QCMA Case Summary

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QCMA and Defiance are the applicant companies which made merger proposals to take over another company called the Barnes. All of these were flour milling firms in Queensland. The applicant company sought authorization or clearance for the proposals. This proposal was denied by the Trade Practices Commission. The applicant company then sought a review by the Tribunal of the Commission for the denial of authorization. At the preliminary conference, the President of the Tribunal refused to issue a general order directing the Commission to produce all documents in its possession relevant to the proceedings. The tribunal President ruled that there is nothing in the relevant legislation for review. Section 101 or 102 of the relevant legislation…show more content…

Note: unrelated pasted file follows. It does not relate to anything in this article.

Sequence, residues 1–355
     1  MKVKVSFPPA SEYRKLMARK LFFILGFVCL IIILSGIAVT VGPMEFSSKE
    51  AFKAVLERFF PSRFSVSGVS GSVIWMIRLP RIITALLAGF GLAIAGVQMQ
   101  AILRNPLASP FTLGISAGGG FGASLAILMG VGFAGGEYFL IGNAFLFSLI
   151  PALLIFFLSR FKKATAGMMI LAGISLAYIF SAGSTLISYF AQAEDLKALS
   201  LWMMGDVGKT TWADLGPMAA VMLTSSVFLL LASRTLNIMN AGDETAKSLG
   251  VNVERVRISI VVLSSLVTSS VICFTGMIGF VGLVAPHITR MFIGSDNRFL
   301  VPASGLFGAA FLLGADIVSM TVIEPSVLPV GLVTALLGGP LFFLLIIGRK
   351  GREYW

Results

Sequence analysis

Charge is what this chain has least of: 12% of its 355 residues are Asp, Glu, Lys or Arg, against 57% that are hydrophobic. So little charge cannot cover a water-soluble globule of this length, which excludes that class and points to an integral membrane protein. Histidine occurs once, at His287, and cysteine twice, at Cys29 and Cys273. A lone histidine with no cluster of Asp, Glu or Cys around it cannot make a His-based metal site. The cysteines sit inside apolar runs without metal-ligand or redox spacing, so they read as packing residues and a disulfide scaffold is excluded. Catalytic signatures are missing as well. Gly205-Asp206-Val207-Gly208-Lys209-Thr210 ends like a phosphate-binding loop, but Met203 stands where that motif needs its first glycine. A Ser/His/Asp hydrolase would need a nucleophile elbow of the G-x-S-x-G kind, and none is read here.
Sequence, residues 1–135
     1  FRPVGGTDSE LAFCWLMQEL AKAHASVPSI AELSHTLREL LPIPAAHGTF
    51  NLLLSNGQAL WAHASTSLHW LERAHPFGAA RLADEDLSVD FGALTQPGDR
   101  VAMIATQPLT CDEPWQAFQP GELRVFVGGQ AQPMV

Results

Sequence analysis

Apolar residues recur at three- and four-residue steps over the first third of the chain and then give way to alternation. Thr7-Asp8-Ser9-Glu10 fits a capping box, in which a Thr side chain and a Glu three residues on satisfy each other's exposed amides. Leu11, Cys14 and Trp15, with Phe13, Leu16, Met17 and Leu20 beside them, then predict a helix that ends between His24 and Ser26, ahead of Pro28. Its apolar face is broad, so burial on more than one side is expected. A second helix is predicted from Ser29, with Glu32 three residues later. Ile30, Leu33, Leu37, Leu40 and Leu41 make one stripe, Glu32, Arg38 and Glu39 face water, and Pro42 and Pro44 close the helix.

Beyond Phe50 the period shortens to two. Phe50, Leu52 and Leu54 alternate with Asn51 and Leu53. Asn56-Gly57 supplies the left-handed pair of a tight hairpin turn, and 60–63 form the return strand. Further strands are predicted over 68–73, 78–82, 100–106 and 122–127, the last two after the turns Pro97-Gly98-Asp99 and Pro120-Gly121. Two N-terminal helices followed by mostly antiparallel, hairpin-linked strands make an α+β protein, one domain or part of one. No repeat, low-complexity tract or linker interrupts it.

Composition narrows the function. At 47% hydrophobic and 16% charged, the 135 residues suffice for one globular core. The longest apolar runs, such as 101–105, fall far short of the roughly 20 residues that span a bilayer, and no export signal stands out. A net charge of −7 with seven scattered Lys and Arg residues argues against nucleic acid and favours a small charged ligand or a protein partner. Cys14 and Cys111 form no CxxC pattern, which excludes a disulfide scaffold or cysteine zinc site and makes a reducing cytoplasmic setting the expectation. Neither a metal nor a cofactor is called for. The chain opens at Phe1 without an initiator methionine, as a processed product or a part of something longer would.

It was also referred to in important cases such as In the Matter of Fortescue Metals Group Limited case where the court revisited the concept of substitution; economical concepts like cross price elasticity, geographic market etc; and competition law concepts such as hypothetical monopolistic test, significant market power. This said case borrowed heavily from the QCMA judgment. The market definition laid down in the QCMA case has been echoed in many other judgments such as Queensland Wire Industries Pty Ltd v Broken Hill Pty Co Ltd and in Boral Besser Masonry Ltd v ACCC. It was only after the QCMA judgment, Section 4E was inserted by the Trade Practices Amendment Act 1977 to give statutory recognition to the concept of substitution. It provides that "for the purposes of this Act, unless the contrary intention appears, 'market' means a market in Australia and, when used in relation to any goods or services, includes a market for those goods or services and other goods or services that are substitutable for, or otherwise competitive with, the first-mentioned goods or
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